1. Science related company contacts us about going into China. Owner brags about his Chinese VP. Chinese VP has PhD from top U.S. university, in some sort of science. Chinese VP has been with company for 20 years. I later learn Chinese VP speaks Cantonese, not Mandarin. Chinese VP has a great government contact that will set this company up in a top tier science park at a terrific deal. Company wants to hire my law firm to “make sure” everything is being done correctly from the legal side. I quote our flat fee price for forming/registering a China WFOE (Wholly Foreign Owned Entity) and the owner then asks me if we can lower it because his Chinese VP will be doing “nearly all” of the work. I tell him that his company can pay us by the hour and that way we will only be charging for what we do and the more his Chinese VP can do, the less we charge. The owner is delighted. He tells me he is not so much concerned with the money, he just does not want to appear to look as though he does not trust his VP.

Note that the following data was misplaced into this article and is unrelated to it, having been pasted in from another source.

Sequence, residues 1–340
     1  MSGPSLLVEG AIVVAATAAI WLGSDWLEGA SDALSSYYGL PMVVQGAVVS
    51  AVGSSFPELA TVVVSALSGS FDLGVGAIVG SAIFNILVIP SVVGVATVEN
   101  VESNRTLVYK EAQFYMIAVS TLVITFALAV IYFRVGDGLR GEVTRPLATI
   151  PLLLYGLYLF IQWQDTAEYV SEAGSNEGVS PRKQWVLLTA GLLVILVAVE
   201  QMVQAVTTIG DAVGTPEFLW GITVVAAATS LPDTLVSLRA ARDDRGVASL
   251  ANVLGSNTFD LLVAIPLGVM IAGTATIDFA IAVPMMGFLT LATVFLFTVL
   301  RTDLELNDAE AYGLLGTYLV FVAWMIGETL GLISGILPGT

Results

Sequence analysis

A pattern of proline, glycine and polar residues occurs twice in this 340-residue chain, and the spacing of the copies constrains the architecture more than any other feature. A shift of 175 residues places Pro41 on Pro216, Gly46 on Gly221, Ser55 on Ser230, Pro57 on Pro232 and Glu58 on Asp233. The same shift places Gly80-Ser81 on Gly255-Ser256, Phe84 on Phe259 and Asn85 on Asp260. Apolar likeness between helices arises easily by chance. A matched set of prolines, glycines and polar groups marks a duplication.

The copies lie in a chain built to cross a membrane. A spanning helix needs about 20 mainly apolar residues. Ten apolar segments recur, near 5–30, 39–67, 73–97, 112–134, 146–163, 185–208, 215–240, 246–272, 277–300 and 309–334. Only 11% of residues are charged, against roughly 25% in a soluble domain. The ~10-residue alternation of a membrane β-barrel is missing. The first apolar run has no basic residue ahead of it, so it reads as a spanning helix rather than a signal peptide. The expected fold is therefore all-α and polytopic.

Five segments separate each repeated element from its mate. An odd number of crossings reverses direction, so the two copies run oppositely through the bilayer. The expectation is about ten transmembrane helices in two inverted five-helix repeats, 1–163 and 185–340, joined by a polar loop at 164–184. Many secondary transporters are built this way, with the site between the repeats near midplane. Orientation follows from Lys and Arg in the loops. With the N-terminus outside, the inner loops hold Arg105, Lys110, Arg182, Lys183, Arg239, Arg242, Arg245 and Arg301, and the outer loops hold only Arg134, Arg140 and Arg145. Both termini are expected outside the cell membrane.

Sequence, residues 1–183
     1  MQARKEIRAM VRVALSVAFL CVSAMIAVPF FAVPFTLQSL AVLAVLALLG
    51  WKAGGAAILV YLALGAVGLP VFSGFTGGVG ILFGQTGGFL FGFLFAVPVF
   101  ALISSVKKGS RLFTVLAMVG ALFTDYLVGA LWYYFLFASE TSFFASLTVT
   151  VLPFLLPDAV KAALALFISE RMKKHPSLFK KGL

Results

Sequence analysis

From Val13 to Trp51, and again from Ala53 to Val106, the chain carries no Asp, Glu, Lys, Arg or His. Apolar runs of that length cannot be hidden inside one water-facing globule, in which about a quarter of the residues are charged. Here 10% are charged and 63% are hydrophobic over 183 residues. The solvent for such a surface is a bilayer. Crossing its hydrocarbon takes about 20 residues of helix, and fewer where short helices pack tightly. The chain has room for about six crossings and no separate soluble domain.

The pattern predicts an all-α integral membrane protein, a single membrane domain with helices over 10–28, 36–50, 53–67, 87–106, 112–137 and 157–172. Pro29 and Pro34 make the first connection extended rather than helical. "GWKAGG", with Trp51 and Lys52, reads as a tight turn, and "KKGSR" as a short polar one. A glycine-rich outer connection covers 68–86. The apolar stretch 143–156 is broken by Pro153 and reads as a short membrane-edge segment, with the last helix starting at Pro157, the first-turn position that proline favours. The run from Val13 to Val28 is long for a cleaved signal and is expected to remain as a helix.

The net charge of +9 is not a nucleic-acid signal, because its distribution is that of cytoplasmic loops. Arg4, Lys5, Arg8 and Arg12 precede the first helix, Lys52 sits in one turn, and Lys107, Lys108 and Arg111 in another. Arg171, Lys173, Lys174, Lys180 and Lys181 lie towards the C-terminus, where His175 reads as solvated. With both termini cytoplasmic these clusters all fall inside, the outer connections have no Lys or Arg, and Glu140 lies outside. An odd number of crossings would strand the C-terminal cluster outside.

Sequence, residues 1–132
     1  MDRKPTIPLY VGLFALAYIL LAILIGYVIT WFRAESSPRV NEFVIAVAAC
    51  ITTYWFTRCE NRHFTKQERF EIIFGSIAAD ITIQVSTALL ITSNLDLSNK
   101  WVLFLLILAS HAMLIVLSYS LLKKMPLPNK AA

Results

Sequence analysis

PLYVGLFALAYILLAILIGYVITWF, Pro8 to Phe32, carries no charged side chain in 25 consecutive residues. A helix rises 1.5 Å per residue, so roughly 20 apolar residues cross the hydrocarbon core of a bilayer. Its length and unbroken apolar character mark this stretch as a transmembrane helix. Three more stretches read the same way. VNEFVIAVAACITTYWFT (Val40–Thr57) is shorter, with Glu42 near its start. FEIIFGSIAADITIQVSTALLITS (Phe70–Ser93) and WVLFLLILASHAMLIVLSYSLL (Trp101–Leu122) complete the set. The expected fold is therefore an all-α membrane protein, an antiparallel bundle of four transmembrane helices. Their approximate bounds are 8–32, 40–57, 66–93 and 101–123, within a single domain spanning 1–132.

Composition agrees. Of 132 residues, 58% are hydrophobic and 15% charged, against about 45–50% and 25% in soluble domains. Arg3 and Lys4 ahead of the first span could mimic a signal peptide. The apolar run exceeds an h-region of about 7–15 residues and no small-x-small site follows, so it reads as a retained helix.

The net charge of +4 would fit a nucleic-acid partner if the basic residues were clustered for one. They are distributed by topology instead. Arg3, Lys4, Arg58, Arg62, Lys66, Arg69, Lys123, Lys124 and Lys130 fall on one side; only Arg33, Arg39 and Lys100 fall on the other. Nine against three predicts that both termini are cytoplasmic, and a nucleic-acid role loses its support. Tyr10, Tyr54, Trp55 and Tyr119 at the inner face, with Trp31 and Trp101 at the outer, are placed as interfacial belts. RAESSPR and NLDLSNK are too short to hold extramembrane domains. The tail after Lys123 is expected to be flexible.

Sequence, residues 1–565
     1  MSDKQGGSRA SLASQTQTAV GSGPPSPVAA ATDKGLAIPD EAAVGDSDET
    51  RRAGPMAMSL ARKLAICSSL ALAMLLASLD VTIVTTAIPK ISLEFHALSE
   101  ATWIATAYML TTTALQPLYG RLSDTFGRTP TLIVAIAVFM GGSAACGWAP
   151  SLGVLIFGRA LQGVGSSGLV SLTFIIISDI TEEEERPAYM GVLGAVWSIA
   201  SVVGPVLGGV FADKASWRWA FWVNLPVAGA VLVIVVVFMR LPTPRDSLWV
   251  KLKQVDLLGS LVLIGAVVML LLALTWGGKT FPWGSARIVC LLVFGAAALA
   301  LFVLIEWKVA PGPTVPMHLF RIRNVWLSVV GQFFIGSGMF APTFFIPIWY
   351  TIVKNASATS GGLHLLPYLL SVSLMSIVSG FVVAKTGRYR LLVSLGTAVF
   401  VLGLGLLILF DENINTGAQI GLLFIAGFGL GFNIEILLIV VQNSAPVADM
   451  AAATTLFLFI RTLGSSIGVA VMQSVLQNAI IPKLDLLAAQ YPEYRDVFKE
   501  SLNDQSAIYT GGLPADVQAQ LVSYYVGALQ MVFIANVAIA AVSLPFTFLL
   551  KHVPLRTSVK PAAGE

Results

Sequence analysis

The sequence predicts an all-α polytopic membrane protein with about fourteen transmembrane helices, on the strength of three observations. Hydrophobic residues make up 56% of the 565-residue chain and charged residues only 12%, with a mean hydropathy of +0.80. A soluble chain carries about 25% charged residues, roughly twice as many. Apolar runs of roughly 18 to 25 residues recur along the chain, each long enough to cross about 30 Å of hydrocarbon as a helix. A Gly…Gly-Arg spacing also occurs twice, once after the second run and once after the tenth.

So we start working with this Chinese VP and within about 2 minutes, it becomes apparent to us that this guy knows zero about forming a China WFOE. ZERO. We end up spending around six hours just explaining the basics to him.
This VP then comes back to us with a lease agreement that is both totally bizarre and absolutely unacceptable for a WFOE. There are certain requirements for WFOE leases and these requirements can vary from city to city. We spend massive time explaining to this guy why this particular lease will not work and what needs to be done to get one that will. We end up pretty much having to write a full lease in Chinese by way of explanation.
We write off about half our time dealing with the Chinese VP and send it to the client. Guess what? The Chinese VP complains about the time we spent on it. Of course he does, because if his boss knew how long we spent trying to get the Chinese VP up to speed, the Chinese VP’s role in China would be jeopardized.